Schedule Announced for eXhibitions on Strike

Come support student artists on strike. Attend critiques, provide feedback, get social.  @ the Belgo Building, Suite 313, 372 Ste. Catherine West

April 19th
12:00 pm Opening Remarks with Coffee & Treats
12:15 pm – 5:30 pm – Critiques
5:30 – 7 pm – Wine & Cheese

April 20th
2 pm – 5:30 pm Critiques
5:30 – 7:00 pm WRAP PARTY!

*** detailed conference schedule here ***

*** facebook event here ***

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Letter of Support from HUMA Program Director

HUMA Program Director Erin Manning

Dr. Erin Manning

Dr. Erin Manning
Director, PhD Program in the Humanities
Associate Professor, Film Studies and Studio Art
Research Chair, Philosophy and Relational Art
Concordia University

Dear HUMA students,

 As director of the PhD in the Humanities I want to publically recognize your hard work and determination to raise important issues around the right to accessible education. I have found your efforts to work collectively and democratically as part of a broader student movement inspiring. Your motivation toward finding ways to keep education accessible and better the conditions for teaching and learning are very important in these times of budgetary constraint. It is understood across the university that the decision to strike was made democratically, and Concordia respects the right to protest.

The Humanities PhD program will make all the necessary accommodations within the constraints of University regulation to support the rights of students to protest. I say this knowing that you are all involved in the kind of high quality work that distinguishes us as a top research program in the country and a hub of international talent from across the globe.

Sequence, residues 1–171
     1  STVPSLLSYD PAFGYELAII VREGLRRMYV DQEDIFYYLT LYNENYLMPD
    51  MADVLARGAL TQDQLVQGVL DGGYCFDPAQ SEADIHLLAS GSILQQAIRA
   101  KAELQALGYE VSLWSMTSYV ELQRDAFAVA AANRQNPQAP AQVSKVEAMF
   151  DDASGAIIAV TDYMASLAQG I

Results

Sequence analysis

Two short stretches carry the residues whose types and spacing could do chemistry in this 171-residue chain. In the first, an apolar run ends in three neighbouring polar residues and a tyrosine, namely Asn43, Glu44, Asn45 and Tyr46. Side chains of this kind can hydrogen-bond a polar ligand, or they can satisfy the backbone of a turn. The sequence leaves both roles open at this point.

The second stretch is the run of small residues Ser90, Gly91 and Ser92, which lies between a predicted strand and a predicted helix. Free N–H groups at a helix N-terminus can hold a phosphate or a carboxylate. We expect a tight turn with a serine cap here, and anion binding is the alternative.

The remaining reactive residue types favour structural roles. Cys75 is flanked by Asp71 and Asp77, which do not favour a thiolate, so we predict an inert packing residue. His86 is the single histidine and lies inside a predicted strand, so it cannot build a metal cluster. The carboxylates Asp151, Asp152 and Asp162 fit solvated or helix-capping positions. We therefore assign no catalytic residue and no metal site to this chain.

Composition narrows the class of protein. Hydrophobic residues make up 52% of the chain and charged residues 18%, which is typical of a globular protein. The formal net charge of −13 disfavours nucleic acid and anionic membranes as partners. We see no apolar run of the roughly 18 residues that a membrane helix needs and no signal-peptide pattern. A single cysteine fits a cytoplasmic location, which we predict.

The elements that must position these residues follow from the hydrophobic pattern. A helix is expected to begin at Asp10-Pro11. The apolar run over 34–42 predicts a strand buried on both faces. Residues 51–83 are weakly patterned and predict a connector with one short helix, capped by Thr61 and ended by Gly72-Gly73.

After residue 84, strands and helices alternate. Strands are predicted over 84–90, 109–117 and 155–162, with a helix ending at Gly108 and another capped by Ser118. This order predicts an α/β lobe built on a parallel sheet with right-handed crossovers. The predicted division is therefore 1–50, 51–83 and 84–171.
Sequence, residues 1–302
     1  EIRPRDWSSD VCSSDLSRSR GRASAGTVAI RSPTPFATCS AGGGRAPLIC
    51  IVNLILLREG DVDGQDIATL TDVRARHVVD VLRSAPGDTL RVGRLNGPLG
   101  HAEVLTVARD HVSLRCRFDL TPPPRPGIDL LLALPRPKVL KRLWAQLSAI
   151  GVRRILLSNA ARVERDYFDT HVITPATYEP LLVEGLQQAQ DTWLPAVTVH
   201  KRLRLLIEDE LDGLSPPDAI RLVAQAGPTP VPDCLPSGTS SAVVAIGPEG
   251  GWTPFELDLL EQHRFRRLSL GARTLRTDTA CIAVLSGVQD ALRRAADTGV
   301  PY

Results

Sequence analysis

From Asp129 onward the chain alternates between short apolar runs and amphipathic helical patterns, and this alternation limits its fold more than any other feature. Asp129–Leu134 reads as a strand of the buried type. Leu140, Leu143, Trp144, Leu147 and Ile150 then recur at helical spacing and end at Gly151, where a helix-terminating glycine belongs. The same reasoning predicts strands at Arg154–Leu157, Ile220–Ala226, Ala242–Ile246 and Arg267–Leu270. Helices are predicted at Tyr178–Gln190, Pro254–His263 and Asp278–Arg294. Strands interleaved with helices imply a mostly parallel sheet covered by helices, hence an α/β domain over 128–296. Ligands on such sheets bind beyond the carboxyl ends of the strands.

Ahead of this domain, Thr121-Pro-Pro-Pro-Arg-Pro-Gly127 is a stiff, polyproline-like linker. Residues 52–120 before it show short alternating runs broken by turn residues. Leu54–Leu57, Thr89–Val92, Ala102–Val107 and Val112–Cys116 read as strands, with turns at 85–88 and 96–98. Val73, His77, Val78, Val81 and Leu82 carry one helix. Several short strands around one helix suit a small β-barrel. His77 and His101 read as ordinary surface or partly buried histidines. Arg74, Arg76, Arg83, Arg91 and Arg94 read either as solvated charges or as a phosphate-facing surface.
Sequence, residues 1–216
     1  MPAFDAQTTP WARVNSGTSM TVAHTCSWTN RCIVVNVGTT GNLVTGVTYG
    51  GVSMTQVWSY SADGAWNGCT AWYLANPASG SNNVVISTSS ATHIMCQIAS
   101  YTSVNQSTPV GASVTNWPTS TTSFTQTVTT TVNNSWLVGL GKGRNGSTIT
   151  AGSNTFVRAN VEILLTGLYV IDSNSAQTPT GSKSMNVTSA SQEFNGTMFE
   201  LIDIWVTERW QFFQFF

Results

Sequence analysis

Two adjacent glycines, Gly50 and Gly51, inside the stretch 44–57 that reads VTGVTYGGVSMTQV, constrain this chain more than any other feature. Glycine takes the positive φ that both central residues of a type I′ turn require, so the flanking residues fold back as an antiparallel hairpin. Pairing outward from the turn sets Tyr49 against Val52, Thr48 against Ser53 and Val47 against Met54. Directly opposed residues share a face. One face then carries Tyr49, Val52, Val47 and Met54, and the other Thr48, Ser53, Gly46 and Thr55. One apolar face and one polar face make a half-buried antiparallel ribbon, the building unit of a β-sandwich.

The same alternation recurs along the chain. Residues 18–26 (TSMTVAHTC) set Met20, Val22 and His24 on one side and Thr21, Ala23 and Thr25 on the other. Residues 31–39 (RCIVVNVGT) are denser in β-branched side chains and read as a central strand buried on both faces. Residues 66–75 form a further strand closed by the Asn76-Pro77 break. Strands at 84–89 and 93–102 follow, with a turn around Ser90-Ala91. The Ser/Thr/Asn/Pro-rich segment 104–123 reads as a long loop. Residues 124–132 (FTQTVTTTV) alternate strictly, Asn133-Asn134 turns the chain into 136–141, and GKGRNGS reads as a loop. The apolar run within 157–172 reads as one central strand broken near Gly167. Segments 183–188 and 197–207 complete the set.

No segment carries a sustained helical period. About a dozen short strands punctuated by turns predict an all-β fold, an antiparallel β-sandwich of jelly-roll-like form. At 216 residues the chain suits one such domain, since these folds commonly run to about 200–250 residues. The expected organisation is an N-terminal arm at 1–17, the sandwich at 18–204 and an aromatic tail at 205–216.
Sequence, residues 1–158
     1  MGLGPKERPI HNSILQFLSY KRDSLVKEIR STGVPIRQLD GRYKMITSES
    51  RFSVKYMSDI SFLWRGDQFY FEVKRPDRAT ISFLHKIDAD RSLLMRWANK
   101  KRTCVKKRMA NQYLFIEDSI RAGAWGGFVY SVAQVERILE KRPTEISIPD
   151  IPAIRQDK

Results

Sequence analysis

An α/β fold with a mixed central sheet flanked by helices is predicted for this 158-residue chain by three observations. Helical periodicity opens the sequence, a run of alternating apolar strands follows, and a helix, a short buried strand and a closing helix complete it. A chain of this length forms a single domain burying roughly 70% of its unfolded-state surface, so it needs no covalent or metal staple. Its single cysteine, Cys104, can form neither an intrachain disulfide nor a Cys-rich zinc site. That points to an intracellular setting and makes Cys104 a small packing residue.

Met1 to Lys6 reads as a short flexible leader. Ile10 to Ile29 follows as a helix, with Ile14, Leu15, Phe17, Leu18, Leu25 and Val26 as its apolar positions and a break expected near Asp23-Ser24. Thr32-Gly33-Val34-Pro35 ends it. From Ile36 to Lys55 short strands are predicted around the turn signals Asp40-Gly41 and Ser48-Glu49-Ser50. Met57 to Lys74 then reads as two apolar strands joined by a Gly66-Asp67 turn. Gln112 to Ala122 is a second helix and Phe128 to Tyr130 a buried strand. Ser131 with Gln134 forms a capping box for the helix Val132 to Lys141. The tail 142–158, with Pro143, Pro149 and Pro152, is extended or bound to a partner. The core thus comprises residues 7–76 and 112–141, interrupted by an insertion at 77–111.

While I cannot speak to individual decisions made in departments where you are currently enrolled in courses, know that from the perspective of the Humanities PhD program no one will be sanctioned for not attending class during the ongoing student protests. The Humanities PhD program supports all its students in their decision to protest. Given the fact that HUMA students have not attended classes since March 12th (when you made the collective decision to strike), I expect most of you will be receiving IPs for the winter term. We will honour these IPs for the duration of the protest. This should not be in confict with recent changes in graduate studies regulations as my understanding is that the new IP regulations will not be implemented for the winter 2012 term even though they are already outlined in detail on the School of Graduate Studies website.

One way or another, please know that I strongly support the extension of HUMA students’ IPs until the ongoing protest is terminated. You stand out within the Concordia community as a cohort of students who have outstanding qualifications—a large percentage of you have FQRSC and SSHRC funding and are regarded as first-rate by the professors with whom you work – and I am proud to be associated with you. I have no concerns as to your capacity to eventually complete classwork and receive high standing for it.